Our Town: Reclaiming the Narrative—an exhibition curated by Lenore Metrick-Chen, professor of art and cultural history and students in her Black Americans and Photography course—is set to travel around Iowa this summer, fall, and winter. The exhibition is on display Sunday, Jun. 16, 2019 at Burlington, Iowa’s 21st Annual Juneteenth Celebration. The exhibition is on display from 11 a.m.–4 p.m. at the Celebration located at DeEdwin & Gladys White Memorial Park, 400 block of Angular Street. The exhibition is then traveling to the Blanden Art Museum in Fort Dodge, Iowa from October through December. The Blanden Art Museum is located in the Historic Oak Hill District at 920 3rd Ave. S. Dates and times will be announced soon.
The exhibition celebrates the works of the many Black Americans in our community whose individual choices and agency has led them to civic engagement and community building, resulting in social change improving the lives of all inhabitants. The idea moving the exhibit is to gather stories and lives of people who are unsung and known only locally and create a pan-Iowa narrative–not one of white settlers and leaders but one that reclaims the stories of the contributions of Black citizens in improving lives here for all and who should be included in Iowan history. The objective for this exhibition in the upcoming years is for it to travel to venues across Iowa, both typical art venues and also non-traditional spaces, for instance YMCA’s and libraries as well as museums and galleries. Wherever displayed, Our Town will gather local stories. Some of these stories will then be included at the next exhibition sites to which it travels. The exhibition will get larger and larger as it travels, acquiring more voices.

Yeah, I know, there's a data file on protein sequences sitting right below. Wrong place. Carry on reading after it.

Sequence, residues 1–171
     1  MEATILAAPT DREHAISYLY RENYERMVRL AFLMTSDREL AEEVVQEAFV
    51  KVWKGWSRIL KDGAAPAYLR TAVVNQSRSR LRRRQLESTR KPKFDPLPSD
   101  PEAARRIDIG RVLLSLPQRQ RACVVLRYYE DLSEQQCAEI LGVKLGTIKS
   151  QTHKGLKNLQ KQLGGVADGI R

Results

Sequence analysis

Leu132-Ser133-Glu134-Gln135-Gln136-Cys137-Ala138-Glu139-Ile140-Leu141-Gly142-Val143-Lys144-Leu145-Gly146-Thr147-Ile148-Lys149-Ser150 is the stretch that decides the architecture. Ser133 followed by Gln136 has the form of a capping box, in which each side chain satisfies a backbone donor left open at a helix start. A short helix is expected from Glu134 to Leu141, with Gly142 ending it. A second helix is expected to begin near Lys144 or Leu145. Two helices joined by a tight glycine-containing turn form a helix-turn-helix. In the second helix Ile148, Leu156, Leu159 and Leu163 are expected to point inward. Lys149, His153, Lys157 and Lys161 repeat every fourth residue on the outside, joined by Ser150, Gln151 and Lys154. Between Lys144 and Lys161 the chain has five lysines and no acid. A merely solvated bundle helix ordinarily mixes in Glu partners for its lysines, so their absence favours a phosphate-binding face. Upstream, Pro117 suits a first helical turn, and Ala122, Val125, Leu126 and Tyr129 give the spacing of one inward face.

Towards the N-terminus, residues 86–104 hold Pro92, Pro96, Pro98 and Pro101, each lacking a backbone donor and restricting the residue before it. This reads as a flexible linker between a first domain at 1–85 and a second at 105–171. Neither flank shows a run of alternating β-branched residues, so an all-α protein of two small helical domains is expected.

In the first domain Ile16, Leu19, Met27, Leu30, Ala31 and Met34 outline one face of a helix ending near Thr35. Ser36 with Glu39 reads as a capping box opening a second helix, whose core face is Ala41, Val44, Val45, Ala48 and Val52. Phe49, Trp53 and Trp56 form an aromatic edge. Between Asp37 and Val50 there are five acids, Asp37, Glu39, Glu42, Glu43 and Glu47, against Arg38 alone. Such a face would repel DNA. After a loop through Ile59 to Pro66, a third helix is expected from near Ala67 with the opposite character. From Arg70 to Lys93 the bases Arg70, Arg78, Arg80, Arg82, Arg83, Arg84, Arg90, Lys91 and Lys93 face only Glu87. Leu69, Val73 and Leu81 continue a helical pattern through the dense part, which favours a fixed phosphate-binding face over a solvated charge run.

Our Town can only offer a sampling of these acts of agency and individual bravery, but it provides space to add to the exhibition and validate others, famous or obscure in the community, whose actions have made a difference. In this way, the exhibition helps retell the history of narrative of Iowa to include witnesses from the small but vital Black communities that have shaped our state.
Our Town is an exhibition that aims to reframe history while simultaneously producing new understandings of the past and present. It offers a sampling of acts of agency and everyday bravery in Des Moines. The exhibition features short video interviews of local advocates including Dwana Bradley, editor-in-chief of The Urban Experience Magazine; Laural Clinton, community and racial justice activist; and Elaine Estes, former head of the Des Moines Public Library.
The exhibition also houses a smaller exhibition which contains eight pairs of artworks.
“These image pairings address the reclamation of one’s agency,” said Metrick-Chen. “They often turn images emblematic of oppression on their head.”
To submit a request for the exhibition to travel to your site, contact Lenore Metrick-Chen at firstname.lastname@example.org.